The age-related deceleration in economic growth in Canada will take place amidst other powerful, slow-moving global forces. As in Canada, the world population is aging and productivity growth (Canadian Productivity Chart bottom of this page) has slowed across OECD countries. These structural forces are paving the way to slower global growth for the next number of years. Slower nominal GDP growth will thus reduce the growth rate of government revenues, thereby limiting the capacity of governments to continue to maintain the growth rates of public expenditure at levels as high as in the past. At the same time, population aging is also expected to put upward pressure on public expenditure, notably for age-related programs such as elderly benefits. Department of Finance Canada December 2016

Screenshot 2018-06-13 07.53.16

....for more info on Plunge-0-Meter go HERE



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Energy & Commodities

Dust In The Wind


Posted by Sean Broderick - The Edelson Institute

on Tuesday, 12 June 2018 07:24

"The Massive Bull Barket in Equities continues, alongside A Major Bear <arket in commodities. This bull market in Stocks will end someday — as all bull markets do — but as it does the new Bull Market in Commodities will spring up. This historical article will give a reader a perspective on the massive size that bull market in commodities could atain "- R. Zurrer for Money Talks

A huge bull market in commodities suddenly takes a downturn. Equities are getting clobbered. The nation is groaning under insurmountable debts after the banks throw caution to the wind.

Some people say the market is over-regulated — others that it’s not regulated enough. And weird weather is making headlines — in fact, some people think the weather could herald the beginning of the end.

It may sound like the U.S. in the 21st Century, but it’s also our country on the brink of the Great Depression. It’s a story told in the book “The Worst Hard Time,” by Timothy Egan.1423148868017162412

I highly recommend this National Book Award winner to you. It is a fascinating glimpse of a time that has vanished from all but the longest memories. And it offers great insights into today’s markets and economic climate.

Does that mean I think that America is on the slippery slope of a Depression? No, there are differences, too. But the similarities make for great lessons that can help all of us today.

A Shot at the American Dream

Egan’s story starts in the last free land in America — the Oklahoma panhandle. After the original (native) inhabitants were chased off, settlers could stake out up to 640 acres and take their shot at the American dream.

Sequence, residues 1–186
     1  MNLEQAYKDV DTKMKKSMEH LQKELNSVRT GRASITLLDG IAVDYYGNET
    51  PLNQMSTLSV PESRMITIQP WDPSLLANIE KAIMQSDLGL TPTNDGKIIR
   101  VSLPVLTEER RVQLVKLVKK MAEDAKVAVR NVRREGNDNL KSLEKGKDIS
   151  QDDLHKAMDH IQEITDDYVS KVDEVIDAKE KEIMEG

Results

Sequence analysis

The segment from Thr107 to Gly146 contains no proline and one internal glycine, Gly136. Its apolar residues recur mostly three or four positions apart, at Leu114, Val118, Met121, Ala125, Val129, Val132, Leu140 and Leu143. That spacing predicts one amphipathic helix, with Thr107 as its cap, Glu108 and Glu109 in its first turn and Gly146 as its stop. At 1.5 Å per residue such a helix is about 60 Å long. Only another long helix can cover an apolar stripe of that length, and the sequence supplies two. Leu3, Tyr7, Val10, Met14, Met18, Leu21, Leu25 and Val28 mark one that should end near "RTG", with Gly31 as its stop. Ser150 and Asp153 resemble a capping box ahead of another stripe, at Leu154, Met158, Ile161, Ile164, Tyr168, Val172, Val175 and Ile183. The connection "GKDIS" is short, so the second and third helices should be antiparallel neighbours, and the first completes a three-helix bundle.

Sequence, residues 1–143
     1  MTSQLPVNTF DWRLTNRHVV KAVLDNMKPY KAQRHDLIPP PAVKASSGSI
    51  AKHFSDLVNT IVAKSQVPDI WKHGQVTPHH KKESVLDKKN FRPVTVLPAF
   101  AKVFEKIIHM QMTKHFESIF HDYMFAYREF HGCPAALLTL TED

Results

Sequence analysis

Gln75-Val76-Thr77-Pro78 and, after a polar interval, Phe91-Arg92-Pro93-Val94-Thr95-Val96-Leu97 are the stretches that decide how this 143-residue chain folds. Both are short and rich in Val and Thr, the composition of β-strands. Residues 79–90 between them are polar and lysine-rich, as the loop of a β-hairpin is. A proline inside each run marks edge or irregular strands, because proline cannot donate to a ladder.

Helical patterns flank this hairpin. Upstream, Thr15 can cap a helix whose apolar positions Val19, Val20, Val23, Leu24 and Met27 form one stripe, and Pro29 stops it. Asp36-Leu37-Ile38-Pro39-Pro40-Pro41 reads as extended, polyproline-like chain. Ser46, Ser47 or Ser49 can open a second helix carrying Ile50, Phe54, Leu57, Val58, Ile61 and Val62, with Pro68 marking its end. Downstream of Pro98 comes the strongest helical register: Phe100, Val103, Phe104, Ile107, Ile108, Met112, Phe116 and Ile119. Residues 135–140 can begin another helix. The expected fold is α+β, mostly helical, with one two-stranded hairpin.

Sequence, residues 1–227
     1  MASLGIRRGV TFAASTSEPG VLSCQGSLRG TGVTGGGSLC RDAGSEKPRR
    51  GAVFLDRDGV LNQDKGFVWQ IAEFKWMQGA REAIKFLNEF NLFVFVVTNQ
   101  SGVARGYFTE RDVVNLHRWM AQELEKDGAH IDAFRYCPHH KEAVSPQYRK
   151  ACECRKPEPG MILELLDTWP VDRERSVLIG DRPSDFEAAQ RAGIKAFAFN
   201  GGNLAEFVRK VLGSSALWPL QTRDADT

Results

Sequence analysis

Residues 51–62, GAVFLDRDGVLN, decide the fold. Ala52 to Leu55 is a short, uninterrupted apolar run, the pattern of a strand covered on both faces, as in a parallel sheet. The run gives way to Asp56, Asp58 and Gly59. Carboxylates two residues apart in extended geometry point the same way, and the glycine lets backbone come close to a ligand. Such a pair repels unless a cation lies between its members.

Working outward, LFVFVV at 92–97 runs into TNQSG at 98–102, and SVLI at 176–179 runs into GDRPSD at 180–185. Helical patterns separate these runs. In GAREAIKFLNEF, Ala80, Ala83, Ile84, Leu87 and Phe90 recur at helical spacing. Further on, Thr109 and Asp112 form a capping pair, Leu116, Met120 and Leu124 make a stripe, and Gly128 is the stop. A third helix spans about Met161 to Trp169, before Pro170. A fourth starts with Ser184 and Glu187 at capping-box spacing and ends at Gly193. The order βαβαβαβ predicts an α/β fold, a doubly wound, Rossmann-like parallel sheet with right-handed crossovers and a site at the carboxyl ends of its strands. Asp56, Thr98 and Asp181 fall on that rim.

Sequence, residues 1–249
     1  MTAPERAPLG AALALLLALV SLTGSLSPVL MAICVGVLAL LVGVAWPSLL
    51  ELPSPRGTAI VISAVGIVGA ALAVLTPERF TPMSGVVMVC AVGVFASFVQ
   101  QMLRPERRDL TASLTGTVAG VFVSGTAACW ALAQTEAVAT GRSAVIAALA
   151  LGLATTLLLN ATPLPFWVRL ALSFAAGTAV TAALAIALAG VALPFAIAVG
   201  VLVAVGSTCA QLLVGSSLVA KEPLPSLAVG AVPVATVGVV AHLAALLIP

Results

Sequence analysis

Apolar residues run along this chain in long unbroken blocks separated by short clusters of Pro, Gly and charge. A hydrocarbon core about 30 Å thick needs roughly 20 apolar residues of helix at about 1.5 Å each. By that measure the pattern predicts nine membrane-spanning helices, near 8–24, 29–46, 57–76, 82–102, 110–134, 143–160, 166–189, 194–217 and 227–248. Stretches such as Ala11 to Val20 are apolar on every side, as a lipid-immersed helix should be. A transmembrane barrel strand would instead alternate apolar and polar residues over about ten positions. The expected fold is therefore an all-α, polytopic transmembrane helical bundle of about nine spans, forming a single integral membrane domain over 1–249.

That part of the country — including surrounding areas of Texas, Colorado and Kansas — was marginally farmable land that marketers palmed off on unsuspecting new arrivals, the kind of folks who believed in tomorrow because it was all they had in the bank. As Egan explains …

“Hope died the first time people laid eyes on Boise City, Oklahoma. It was founded on fraud. Even the name itself was a lie … from the French word le bois — trees. Except there was not a single tree in Boise city. Nor was there a city. On Boise City’s imaginary streets, the buyers found stakes in the ground and flags flapping in the wind. No railroads. No tracks. No plans for railroads. No fine houses. No businesses. Worst of all, the company did not even own the land that it sold.”

Despite this inauspicious start, people did scratch a living from the land in Boise City and other towns and hamlets in the panhandle. Home was often a hole dug out of the sod, covered with boards and shared with tarantulas, snakes and so many centipedes that they crunched underfoot.

“The flattest, driest, most wind-raked, least arable part of the United States was transformed by government incentive, private showmanship, and human desire from the Great American Desert into Eden with a haircut. Settlement was a dare, on a grand scale, to see if people could defy common sense.”

But it was a life, and for many, the only home they knew. And for a while it seemed that heaven smiled on this venture – a decade of wet years made farming in the panhandle a breeze.

New technology reshaped the world of the 1920s — for farmers, the ride of choice was the tractor. In the 1830s, it took 58 hours of work to plant and harvest a single acre. By 1930, it took only three hours for the same job. A tractor did the work of 10 horses and took a lot less maintenance.

In their eagerness to reap as much of a profit as they could, the farmers plowed the tough prairie grass under and planted wheat. With the price of wheat at 80 cents a bushel, they reaped profits.

The problem started in 1915, when, with a war in Europe raging, the government guaranteed the price of wheat at $2 a bushel. The person in charge of this program was named Herbert Hoover. You may have heard of him. Thanks to Hoover’s government largesse, soon every idiot who could scratch a stick in the ground was trying to wrest his fortune from prairie soil.

This was no flash-in-the-pan bubble. It lasted 14 years.

By 1926, the self-described Wheat Queen of Kansas, Ida Watkins, told everyone she made a profit of $75,000 on her two thousand acres — bigger than the salary of any politician, and more money than any star athlete but Babe Ruth himself.

“Life in America in September 1929 was almost too sweet, too bountiful, too full of riches,” Egan writes.